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Cattle prices tumbling as dry conditions halve returns for farmers at Hunter Valley Angus sale

By David Claughton and Matt Brann, Thursday June 7, 2018 - 07:53 EST
ABC image
Cattle numbers have more than doubled at saleyards like this one in Scone and prices at a recent Angus sale in the Hunter Valley halved in comparison to last year. - ABC

Cattle prices in parts of NSW, Queensland and the Northern Territory are plummeting as dry conditions continue.

Slaughter rates are up and the number of cattle in feedlots across eastern Australia rose above one million in May, something that has only been seen four times before.

The number of cattle being sent to NSW sale yards jumped 27 per cent last week, while feed — already getting harder to find — has now risen to more than $300 per tonne in price.

Farmers in drought are spending thousands of dollars a week hand feeding stock and hoping for rain, but it has not come.

Hunter Valley agent Peter MacCallum said some farmers had sold everything.

"A lot of the herds have been majorly reduced and some people have sold out completely, so there certainly won't be the numbers of cows to join this spring," he said.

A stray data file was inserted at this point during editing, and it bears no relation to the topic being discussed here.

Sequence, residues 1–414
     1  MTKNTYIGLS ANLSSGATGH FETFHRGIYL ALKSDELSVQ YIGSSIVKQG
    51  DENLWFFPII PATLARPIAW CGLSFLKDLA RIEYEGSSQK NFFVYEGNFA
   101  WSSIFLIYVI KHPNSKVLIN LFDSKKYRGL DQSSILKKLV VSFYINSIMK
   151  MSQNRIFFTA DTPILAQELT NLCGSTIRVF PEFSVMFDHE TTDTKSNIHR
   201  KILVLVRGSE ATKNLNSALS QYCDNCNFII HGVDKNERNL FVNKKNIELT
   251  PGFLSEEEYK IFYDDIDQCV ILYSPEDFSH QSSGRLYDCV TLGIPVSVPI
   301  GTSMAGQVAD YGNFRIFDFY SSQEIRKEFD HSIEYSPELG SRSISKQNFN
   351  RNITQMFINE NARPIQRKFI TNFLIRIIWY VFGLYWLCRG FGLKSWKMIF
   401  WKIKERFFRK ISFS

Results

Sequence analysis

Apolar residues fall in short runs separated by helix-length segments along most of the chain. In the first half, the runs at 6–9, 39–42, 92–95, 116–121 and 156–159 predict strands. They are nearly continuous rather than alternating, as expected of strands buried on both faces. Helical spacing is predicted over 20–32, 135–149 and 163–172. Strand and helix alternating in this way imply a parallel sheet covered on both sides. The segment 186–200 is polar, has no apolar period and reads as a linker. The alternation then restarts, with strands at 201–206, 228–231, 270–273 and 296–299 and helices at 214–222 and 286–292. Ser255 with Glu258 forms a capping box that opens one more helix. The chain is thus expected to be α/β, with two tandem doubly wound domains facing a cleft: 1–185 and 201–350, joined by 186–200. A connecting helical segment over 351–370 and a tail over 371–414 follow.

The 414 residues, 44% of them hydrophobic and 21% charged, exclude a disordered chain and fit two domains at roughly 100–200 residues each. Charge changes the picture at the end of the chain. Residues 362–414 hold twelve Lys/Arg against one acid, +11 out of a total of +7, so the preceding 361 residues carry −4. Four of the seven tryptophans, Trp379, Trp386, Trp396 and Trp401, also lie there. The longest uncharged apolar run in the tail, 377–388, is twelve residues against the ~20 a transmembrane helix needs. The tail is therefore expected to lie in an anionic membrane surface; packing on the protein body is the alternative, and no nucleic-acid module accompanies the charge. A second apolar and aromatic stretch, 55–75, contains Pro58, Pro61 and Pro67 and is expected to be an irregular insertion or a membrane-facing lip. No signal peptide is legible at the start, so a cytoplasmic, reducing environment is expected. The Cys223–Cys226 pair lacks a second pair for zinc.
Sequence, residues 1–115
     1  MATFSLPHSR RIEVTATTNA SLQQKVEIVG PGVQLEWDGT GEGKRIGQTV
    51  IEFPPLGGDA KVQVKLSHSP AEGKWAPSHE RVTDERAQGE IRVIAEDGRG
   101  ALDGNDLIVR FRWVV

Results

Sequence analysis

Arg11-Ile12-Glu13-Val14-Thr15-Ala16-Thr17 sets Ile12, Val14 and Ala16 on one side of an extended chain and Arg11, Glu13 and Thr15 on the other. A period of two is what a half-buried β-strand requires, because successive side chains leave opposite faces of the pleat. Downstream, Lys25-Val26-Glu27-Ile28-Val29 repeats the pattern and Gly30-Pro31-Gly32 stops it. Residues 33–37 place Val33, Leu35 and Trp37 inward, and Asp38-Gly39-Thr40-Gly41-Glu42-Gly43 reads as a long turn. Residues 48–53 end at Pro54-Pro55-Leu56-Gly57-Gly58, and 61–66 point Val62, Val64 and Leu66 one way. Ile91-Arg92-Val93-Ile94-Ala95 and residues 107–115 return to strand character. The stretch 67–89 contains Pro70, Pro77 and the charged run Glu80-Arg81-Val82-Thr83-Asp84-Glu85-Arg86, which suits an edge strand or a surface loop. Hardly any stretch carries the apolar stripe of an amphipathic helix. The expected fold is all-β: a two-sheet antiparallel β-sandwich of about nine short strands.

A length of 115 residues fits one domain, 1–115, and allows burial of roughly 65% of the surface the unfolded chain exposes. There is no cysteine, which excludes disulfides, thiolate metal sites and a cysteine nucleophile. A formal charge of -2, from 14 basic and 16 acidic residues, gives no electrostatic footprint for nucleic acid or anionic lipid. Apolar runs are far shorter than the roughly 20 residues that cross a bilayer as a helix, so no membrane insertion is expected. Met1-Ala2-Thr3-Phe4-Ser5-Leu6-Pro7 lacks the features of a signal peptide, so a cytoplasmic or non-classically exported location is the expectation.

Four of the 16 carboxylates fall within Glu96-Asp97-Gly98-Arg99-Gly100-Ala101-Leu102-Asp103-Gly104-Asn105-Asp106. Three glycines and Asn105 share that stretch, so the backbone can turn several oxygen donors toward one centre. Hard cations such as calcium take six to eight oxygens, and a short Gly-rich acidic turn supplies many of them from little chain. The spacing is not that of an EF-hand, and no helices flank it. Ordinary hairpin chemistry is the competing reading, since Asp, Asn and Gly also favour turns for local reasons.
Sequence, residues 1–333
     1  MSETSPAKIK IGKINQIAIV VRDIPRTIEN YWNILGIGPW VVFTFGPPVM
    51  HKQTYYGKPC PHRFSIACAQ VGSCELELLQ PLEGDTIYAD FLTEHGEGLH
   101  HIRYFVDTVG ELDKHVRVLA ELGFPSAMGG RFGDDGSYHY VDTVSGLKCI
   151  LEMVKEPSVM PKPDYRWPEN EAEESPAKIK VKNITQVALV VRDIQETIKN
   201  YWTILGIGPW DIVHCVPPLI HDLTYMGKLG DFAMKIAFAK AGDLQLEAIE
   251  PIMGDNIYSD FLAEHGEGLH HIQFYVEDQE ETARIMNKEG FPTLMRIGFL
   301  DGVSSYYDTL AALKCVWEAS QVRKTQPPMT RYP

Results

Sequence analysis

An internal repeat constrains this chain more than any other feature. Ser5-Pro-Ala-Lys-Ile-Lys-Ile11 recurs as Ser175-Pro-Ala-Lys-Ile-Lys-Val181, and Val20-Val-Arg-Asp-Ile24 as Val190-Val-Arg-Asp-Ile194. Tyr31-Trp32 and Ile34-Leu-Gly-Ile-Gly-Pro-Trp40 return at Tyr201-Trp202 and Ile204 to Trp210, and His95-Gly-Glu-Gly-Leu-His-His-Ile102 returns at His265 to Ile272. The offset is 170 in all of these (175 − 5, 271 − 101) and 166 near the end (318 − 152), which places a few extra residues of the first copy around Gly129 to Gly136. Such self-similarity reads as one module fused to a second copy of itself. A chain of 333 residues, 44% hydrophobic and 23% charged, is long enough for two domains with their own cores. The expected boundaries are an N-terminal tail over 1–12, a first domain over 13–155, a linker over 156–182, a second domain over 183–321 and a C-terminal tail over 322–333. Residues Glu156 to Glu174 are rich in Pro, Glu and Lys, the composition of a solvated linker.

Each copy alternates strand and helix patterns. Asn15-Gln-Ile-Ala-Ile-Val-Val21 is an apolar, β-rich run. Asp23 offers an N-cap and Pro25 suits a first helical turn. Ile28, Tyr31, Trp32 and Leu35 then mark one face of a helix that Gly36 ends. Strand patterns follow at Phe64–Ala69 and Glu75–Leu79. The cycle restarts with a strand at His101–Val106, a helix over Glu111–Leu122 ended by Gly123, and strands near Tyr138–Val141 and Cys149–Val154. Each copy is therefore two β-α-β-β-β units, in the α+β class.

EYCI hits three-year low

Cattle in poor condition have reportedly been fetching just 30 cents per kilogram at some sale yards across NSW.

The Eastern States Young Cattle Indicator (EYCI) is sitting at 466 cents per kg — its lowest level in three years, while prices at some sales have declined drastically in comparison to last year.

Mr MacCallum said prices at the Hunter Valley Angus Sale had dropped significantly.

"Last year was the best we've ever seen so we weren't expecting it to be that good anyway [and] the results this year were around half of last year."

In Darwin, the live export price has dropped significantly in the last few months.

Feeder steers going to Indonesia were earning $3.20 per kg in February and that has dropped nearly 20 per cent to $2.60 per kg, well down on the 2016 price, which reached $3.95 per kg.

Not all bad news

There was good competition from 60 buyers at the Hunter Valley Angus sale and cows and calves in good condition still made $2,100 per head.

WA farmers are getting about 11 per cent more for cattle than those on the east coast, and the National Australia Bank puts the monthly drop in cattle prices at just 5.6 per cent nationally — and that is coming off historically high prices.

Near record numbers of sheep and lambs were sold in Dubbo this week but prices remained steady.

Wool prices are also at record highs while goats, an important source of revenue in some drought affected areas, averaged just under 489c per kg across the weight range in May.


© ABC 2018

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